The cell lysates from micromass cultures of C3H10T1/2 cells transfected with pre-miR-145 or anti-miR-145 were extracted with lysis buffer containing 50 mM Tris (pH 7.6), 150 mM NaCl, 1% TritonX-100, 1% deoxycholate, 0.1% SDS, 1 mM PMSF and 0.2% Aprotinin (Sigma). After we measured the protein concentration, the equal protein samples were mixed with 5× sample buffer (Beyotime) and boiled. The samples were resolved by 10% SDS-PAGE gel and transferred on PVDF membrane (Millipore) by using the semi-dry transfer method. After blocking in 10% non-fat dried milk in TBST for 2 h, the blots were incubated with anti-Sox9 (Santa Cruz, diluted 1∶700) or anti-β-actin antibody (Santa Cruz, diluted 1∶1000) at 4°C overnight. β-actin acted as an internal control. After washing by TBST, the blots were incubated with a horseradish peroxidase-conjugated secondary antibody (Santa Cruz, diluted 1∶2000) at room temperature for 1 h. The blots were visualized by Femto (Pierce) following the manufacturer's instructions.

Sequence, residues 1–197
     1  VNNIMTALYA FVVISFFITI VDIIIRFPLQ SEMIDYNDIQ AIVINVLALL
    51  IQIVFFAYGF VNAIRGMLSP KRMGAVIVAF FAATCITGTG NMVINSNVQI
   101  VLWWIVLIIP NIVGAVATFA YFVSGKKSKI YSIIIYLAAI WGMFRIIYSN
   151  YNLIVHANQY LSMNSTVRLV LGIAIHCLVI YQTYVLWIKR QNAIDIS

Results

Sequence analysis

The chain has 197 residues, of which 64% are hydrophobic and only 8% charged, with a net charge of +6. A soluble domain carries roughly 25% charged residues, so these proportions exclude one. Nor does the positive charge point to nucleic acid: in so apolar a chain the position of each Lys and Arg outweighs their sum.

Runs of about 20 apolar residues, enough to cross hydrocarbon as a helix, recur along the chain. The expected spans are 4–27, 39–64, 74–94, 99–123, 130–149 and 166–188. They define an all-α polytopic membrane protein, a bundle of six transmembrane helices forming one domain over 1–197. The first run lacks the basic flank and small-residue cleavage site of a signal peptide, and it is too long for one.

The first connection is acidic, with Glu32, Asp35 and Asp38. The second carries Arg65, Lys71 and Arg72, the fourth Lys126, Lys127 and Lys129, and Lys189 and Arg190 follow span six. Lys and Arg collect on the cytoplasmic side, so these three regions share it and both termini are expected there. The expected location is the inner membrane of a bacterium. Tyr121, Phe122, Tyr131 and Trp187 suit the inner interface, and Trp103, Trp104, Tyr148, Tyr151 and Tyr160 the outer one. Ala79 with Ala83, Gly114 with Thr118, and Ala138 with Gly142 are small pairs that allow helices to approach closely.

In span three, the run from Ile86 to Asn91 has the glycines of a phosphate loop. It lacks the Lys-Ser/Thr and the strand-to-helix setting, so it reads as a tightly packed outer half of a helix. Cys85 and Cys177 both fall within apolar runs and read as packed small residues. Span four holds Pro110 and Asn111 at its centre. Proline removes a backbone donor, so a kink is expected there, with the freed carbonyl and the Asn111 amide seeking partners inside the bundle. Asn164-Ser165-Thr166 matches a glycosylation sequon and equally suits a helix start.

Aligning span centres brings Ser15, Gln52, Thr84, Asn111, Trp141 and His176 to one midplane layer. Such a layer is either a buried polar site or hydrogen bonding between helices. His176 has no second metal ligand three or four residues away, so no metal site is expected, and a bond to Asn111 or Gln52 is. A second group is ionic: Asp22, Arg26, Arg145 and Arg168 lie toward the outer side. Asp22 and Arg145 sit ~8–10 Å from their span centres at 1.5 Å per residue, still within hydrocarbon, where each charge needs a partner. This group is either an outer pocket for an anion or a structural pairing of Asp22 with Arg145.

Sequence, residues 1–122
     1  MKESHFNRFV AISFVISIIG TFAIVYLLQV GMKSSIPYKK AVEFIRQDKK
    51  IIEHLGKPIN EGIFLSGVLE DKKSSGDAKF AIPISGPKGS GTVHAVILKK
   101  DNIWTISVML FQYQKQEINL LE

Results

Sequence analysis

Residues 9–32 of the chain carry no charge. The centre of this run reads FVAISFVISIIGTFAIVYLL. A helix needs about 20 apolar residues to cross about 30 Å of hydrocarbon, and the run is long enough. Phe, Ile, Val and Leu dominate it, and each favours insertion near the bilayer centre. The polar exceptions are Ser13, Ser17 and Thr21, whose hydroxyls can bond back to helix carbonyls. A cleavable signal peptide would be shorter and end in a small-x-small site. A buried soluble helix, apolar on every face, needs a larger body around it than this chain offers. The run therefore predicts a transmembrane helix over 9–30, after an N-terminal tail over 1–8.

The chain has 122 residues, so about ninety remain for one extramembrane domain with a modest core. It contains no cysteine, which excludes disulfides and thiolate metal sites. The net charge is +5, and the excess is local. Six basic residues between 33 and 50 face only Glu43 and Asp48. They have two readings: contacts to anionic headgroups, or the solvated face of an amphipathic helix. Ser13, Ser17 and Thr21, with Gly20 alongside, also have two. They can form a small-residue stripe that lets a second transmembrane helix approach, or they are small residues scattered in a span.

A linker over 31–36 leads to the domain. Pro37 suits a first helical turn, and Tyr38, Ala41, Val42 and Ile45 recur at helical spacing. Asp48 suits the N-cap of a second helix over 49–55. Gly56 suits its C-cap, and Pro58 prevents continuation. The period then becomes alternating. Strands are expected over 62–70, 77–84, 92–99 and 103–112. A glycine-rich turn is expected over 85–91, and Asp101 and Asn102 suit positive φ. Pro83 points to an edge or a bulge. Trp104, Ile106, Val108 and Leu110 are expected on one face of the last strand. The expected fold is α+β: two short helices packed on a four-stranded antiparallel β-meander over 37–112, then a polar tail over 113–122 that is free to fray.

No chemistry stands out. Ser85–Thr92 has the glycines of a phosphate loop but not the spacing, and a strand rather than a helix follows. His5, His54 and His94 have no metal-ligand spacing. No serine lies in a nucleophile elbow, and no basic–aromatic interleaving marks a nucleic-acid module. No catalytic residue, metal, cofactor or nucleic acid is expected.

Generation of Luciferase Reporter Constructs

Target sequences for a consensus miR-145-binding site (PT), two copies of the endogenous MREs sequence in the Sox9 mRNA 3′-UTR (MRE) and corresponding two copies of the MREs with a scrambled MREs sequence (MUT) were synthesized (Invitrogen) and cloned into the SpeI/ HindIII site of the pMIR-REPORT Firefly Luciferase reporter vector (Ambion) using standard DNA techniques. The correctness of three plasmid DNA constructs, shown as pMIR-PT, pMIR-MRE and pMIR-MUT, were further identified by sequencing. All target sequences of inserts are available in Table 1.

Dual-luciferase Reporter Gene Assay